Aside from that, I now believe (thanks to Alpha Rubicon) that one shouldn't buy MRE's or Wise or whatever as emergency food unless you incorporate it as a regular part of your diet. And it's lousy food, nutritionally, to have in your regular diet. The last thing you want in a disaster is either constipation or diarrhea and change ups like that can do just that. Instead, it is best to stock extra on foods that one eats regularly that will keep. Oatmeal, rice, boullion cubes, honey, crackers, canned tuna..... Stock extra and rotate it.

    --
    Keep everyone ignorant of the magical world! KEEP AMERICA OBLIVIATE!
    • (Score: 3, Funny) by darkfeline on Friday December 15 2017, @10:30PM (1 child)

      by darkfeline (1030) on Friday December 15 2017, @10:30PM (#610512) Homepage

      I guess people who regularly eat Soylent get a free pass, the powder has a one year best-by shelf life.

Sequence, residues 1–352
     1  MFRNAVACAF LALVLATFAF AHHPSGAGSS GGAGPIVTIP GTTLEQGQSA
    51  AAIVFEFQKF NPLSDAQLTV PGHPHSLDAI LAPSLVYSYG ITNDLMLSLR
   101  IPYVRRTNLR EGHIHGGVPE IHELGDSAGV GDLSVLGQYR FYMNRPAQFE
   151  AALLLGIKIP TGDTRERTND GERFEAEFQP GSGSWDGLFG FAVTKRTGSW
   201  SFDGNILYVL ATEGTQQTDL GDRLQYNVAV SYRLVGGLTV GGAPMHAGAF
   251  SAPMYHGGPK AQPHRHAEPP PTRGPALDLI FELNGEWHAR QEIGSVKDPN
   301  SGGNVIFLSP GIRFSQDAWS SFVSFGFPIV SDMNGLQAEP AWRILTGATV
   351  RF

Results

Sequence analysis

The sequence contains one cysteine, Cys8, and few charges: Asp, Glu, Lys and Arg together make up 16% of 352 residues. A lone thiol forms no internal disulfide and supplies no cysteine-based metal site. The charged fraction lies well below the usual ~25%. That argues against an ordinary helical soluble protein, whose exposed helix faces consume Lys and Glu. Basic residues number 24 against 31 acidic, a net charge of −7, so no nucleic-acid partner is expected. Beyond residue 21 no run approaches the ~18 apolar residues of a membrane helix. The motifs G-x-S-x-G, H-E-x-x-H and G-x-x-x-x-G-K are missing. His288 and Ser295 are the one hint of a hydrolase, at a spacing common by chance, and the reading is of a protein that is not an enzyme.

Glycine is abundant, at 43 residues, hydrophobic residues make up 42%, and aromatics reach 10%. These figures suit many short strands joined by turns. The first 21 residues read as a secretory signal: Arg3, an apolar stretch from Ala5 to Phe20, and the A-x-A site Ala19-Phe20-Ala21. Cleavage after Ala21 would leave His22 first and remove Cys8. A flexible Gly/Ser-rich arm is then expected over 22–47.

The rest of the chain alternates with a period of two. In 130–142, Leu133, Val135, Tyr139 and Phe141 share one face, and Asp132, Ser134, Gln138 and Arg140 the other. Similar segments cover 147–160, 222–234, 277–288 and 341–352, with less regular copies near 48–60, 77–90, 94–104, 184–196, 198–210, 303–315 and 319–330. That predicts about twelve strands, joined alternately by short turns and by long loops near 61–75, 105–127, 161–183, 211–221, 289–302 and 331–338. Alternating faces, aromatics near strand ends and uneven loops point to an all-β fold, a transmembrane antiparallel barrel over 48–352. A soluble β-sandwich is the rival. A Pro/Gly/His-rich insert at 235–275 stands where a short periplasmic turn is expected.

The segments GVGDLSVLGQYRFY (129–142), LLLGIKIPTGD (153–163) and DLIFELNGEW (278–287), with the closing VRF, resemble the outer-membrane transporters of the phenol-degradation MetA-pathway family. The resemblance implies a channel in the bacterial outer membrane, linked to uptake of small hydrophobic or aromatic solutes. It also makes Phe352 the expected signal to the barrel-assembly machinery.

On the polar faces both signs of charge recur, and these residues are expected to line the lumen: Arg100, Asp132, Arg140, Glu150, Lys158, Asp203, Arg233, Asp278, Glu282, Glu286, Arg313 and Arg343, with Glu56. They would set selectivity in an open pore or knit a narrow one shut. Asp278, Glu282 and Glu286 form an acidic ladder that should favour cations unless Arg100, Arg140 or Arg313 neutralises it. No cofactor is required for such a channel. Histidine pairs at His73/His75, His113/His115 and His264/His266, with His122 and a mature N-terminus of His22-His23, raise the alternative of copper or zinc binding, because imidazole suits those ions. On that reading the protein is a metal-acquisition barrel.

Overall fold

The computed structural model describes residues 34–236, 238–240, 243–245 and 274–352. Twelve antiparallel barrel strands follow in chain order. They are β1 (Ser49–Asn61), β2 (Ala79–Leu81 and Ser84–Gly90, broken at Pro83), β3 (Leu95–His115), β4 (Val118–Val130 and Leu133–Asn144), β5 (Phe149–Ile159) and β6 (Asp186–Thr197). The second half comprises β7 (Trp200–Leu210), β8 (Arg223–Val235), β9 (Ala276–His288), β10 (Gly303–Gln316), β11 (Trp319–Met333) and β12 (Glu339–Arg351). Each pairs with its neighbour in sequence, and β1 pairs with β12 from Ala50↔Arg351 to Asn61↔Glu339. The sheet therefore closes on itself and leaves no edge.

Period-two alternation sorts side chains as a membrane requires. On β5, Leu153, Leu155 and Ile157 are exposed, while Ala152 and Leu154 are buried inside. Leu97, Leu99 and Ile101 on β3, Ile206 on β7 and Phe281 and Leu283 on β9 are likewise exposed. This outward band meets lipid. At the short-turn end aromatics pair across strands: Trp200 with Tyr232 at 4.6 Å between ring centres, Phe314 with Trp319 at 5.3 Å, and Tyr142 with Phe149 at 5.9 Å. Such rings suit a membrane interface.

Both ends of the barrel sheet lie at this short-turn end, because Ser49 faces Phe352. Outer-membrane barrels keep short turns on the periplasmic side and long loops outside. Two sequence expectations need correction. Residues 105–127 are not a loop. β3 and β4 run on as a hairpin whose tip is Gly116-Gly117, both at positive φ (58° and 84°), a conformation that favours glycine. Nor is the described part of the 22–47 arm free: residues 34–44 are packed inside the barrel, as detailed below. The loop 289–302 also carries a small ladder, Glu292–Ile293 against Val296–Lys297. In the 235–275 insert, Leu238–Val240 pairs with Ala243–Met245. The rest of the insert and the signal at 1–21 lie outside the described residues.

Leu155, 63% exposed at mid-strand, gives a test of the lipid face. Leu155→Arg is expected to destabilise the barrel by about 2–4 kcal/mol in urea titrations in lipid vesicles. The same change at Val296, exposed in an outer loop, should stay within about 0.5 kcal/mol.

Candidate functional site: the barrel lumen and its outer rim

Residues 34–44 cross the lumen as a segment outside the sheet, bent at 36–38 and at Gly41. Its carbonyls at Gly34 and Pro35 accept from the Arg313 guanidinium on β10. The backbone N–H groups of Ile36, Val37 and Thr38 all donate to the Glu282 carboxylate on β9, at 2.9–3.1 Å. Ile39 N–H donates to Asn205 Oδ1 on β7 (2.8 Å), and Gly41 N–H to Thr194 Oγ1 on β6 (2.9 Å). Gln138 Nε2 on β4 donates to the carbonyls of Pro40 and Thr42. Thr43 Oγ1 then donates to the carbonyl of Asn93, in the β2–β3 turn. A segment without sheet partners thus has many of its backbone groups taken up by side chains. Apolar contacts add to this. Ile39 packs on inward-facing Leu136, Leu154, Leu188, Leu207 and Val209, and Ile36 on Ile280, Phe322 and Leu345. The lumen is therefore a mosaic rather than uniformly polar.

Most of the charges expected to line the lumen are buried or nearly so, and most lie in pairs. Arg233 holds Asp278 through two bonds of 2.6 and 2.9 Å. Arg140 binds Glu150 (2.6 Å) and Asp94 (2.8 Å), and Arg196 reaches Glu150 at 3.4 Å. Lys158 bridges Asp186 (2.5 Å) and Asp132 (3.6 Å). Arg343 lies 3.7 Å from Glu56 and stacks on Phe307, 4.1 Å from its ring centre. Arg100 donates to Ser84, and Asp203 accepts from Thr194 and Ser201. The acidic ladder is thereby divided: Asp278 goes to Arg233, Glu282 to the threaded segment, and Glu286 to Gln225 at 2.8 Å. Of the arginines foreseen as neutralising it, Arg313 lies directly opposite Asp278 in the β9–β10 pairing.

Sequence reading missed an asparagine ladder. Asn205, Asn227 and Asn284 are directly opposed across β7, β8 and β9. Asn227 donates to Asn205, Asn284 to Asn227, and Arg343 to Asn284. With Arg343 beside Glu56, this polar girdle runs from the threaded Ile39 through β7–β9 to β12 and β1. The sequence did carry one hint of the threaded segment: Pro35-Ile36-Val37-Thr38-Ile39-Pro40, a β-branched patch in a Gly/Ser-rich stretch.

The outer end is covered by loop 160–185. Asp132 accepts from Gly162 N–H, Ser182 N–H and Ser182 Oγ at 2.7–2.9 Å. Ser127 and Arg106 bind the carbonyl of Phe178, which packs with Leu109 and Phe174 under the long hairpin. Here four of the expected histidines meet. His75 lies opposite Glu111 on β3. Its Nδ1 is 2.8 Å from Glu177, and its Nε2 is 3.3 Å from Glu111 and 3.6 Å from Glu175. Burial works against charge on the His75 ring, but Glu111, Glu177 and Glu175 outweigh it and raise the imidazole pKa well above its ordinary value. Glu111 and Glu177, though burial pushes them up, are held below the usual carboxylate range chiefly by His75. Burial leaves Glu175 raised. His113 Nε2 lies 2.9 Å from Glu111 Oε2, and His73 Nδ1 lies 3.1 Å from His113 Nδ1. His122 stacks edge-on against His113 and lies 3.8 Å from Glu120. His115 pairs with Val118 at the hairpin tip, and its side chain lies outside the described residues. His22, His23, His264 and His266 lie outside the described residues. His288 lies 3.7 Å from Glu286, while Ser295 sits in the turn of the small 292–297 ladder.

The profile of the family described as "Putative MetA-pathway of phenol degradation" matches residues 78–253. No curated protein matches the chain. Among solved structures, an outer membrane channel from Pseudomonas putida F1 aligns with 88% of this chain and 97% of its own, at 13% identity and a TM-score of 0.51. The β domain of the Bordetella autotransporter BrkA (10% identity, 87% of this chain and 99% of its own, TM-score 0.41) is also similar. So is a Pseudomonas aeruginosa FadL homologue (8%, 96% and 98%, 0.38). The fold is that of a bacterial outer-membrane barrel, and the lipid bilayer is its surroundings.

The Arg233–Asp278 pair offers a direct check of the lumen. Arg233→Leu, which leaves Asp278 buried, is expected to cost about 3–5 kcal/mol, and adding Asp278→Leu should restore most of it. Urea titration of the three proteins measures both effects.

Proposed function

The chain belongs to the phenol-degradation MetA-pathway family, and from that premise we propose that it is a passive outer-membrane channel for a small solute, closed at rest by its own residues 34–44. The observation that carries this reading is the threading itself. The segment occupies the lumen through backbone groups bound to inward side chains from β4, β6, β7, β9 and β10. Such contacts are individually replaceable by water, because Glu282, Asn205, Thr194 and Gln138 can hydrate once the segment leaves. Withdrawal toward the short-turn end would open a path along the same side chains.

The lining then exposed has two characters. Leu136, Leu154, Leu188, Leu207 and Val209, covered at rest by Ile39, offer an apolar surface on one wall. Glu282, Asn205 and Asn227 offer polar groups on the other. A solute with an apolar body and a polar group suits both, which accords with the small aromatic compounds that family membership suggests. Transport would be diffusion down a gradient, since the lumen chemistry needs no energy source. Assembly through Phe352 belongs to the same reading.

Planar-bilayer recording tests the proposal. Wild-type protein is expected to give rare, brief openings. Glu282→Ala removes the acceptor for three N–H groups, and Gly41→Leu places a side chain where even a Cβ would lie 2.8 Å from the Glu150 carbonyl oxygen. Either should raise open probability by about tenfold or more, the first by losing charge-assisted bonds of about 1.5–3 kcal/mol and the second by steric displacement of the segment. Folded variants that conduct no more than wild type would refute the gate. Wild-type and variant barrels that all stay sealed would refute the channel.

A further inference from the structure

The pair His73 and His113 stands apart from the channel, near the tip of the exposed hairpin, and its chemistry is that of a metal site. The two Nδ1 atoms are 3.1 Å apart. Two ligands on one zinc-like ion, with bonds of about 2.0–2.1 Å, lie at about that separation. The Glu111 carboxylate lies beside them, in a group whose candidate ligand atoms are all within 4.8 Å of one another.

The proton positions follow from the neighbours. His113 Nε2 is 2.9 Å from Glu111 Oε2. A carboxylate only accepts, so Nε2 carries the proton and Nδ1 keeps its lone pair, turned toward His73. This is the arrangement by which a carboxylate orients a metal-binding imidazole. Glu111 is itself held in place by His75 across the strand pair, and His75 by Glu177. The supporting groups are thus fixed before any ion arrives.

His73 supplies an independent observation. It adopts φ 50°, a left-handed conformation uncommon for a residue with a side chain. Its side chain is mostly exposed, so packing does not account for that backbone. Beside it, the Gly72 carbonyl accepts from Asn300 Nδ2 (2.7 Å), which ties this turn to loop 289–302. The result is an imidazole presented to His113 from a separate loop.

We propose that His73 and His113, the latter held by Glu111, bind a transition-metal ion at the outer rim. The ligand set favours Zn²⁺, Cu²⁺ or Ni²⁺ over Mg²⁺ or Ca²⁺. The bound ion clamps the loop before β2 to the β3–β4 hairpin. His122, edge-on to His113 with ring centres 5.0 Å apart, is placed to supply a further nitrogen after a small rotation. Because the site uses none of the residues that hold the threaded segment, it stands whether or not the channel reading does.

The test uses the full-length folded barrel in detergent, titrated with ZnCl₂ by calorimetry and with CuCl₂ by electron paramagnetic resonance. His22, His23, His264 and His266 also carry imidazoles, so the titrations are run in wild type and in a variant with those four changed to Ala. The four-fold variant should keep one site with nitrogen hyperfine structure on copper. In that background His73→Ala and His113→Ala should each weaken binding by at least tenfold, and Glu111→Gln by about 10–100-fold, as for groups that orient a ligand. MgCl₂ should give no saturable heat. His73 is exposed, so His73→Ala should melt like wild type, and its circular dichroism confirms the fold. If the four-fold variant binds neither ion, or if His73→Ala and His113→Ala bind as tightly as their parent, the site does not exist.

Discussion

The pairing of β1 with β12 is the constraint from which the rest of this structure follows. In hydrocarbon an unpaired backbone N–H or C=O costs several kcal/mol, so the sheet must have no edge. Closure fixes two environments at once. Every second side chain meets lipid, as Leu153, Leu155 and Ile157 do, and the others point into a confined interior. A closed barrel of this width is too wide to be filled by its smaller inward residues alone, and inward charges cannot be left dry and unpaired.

--
      Join the SDF Public Access UNIX System today!
      • (Score: 0) by Anonymous Coward on Saturday December 16 2017, @06:38PM

        by Anonymous Coward on Saturday December 16 2017, @06:38PM (#610757)

        If you deep freeze foods like that (by that I also include protein powders like Soylent), they can keep indefinately. A chest freezer can be obtained relatively inexpensively, although placing the chest freezer somewhere requires room and a power outlet.

        Nevermind the fact that if there is a disaster and there is no power--the freezer, if full, and kept mostly closed, will keep your food that will last a year at room temperature in good condition for long enough for you to get killed by someone else because you forgot to also buy defenses, or they'll also last long enough for the government to re-establish control and allow for all such utilitarian problems to be resolved.

        Try to keep a few months supply of various medical items, non-perishable stuff (band-aids and various ointments that seem to last...) and then rotate them out now and then, too. You never know when bugs or people or small children/animals can get at stuff you think is safe and untouched..

  • (Score: 1) by purple_cobra on Sunday December 17 2017, @08:14PM

    by purple_cobra (1435) on Sunday December 17 2017, @08:14PM (#611068)

    designed to remain edible on shelves for a quarter century

    I think that should read "designed to taste no worse after 25 years of being entombed in plastic than they did at the time of packaging.